The History of Clinical Research: 1950 – 1980

By Robin Brodrick

This post is continued from the post: The History of Clinical Research: 1930 – 1950

The History of Clinical Research: 1950 – 1980

1951: Durham-Humphrey Amendment

The Durham-Humphrey Amendment was co-sponsored by Carl Durham and Hubert H. Humphrey (who later became Vice President of the United States). This bill defines two types of medications: prescriptions (also called legend) and over-the-counter (OTC). Prior to this law, there was no requirement that any drug be sold only with a doctor’s prescription. This bill defined prescription drugs as those drugs that are unsafe for self-medication.

1953: DNA is discovered

James Watson and Francis Crick discovered the double helix structure of deoxyribose nucleic acid (DNA). They published their discovery in the scientific journal Nature in an article titled “Molecular Structure of Nucleic Acids: A Structure for Deoxyribose Nucleic Acid” on April 25th, 1953. This discovery had a major impact on the fields of genetics and biology, and later led to an understanding of the genetic code. Like most scientific breakthroughs, the discovery of DNA is surrounded by controversy. Watson and Crick’s integrity has often been questioned because they used material from the unpublished works of several other researchers at King’s College to inspire their findings.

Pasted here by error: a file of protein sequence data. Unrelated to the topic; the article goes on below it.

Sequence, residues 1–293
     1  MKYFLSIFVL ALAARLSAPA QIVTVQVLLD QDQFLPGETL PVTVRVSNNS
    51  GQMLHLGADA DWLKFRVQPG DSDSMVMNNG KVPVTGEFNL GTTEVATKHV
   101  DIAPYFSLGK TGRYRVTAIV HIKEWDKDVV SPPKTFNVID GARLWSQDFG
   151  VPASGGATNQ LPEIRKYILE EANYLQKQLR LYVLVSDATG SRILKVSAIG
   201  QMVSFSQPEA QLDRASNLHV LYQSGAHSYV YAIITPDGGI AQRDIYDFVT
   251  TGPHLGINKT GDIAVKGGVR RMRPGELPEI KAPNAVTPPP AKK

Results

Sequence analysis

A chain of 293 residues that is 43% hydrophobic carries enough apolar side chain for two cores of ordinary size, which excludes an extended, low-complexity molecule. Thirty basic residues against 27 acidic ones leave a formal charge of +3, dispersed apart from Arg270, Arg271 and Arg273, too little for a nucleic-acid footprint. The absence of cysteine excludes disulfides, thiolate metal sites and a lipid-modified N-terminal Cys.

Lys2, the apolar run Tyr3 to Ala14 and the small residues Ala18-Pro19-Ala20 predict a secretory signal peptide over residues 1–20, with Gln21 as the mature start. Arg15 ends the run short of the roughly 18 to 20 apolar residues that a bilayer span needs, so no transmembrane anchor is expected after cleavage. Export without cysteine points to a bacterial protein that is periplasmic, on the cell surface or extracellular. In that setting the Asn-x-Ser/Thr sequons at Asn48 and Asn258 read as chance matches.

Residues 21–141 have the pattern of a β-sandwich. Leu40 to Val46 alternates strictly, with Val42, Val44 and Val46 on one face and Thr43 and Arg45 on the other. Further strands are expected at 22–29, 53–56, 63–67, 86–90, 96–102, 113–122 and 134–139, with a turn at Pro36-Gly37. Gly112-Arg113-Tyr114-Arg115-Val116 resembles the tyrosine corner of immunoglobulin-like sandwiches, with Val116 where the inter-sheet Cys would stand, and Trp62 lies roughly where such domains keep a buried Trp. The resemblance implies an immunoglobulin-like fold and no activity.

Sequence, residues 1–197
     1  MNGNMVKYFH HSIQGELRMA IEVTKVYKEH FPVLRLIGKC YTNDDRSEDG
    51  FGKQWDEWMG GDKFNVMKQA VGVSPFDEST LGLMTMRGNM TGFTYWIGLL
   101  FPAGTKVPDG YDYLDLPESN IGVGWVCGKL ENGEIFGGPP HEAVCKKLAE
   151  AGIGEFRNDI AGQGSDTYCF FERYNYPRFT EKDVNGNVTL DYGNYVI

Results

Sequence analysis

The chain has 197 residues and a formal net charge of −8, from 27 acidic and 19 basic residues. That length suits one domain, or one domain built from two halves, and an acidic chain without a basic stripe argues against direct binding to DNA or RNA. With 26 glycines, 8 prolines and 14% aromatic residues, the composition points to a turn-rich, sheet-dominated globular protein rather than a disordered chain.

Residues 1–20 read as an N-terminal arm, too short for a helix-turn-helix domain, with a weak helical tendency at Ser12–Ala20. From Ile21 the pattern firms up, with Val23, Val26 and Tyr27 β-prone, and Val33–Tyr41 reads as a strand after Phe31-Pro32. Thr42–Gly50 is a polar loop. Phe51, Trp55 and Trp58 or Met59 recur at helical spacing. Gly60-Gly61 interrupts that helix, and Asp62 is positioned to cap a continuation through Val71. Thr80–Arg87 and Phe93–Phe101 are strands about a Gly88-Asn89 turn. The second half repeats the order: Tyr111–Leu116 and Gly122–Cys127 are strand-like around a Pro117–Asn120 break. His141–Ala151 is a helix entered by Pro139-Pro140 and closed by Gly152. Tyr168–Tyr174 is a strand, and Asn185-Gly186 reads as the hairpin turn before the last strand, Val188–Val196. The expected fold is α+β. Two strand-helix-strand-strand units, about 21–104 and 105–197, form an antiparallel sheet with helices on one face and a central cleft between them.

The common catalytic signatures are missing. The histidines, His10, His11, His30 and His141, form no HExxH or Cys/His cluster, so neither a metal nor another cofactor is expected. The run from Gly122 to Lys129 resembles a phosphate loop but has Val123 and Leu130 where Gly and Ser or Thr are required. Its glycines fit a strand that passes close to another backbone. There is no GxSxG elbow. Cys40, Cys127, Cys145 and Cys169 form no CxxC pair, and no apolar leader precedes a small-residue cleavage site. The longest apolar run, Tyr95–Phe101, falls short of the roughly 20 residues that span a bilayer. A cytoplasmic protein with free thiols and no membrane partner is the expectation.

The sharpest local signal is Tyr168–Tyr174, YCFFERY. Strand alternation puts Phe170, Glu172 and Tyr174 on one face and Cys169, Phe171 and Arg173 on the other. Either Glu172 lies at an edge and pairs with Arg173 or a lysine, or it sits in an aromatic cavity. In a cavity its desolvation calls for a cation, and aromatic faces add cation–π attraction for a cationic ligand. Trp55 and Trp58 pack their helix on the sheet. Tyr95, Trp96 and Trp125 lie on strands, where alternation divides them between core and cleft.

1960: Oral contraceptive pill approved by FDA

Margaret Sanger opened the first birth-control clinic in America in 1916. Biochemist Gregory Pincus and and gynecologist John Rock developed a birth-control pill. Clinical trials for the pill began in 1954 and involved using synthetic progesterone and estrogen to suppress ovulation females. The pill was approved by the FDA on May 9th, 1960.

In 1975, singer-songwiter Loretta Lynn recorded a controversial song titled “The Pill”, which many radio stations banned from the air.

1961: Thalidomide tragedy

Thalidomide was developed by a German pharmaceutical company and was known as a wonder drug that could treat insomnia, anxiety, gastritis, coughs, colds, headaches, and morning sickness. Clinical trials on thalidomide began in November of 1956. The drug began being marketed to the public as an OTC drug under the name Grippex in November of 1956. It was also marketed in the United Kingdom under the name Distava. It had only been tested on rodents and was not tested for teratogenic (physiological abnormality) effects. After its release to market, thousands of children were born with malformation of the limbs (phocomelia). Additonal defects included blindness, deafness, and deformed eyes and hearts. There were 10,000 cases of phocomelia due to thalidomide worldwide. Only 5,000 of those children survived. The United States had only 17 cases. Thalidomide was taken off the market as on OTC drug in November of 1961. However, it is still used today as a cancer drug.

These artificial limbs were made for an affected child in the 1960’s by the Department of Health and Social Security’s Limb Fitting Centre in Roehampton, London. Image courtesy of Science Museum London at

1962: Kefauver-Harris Amendment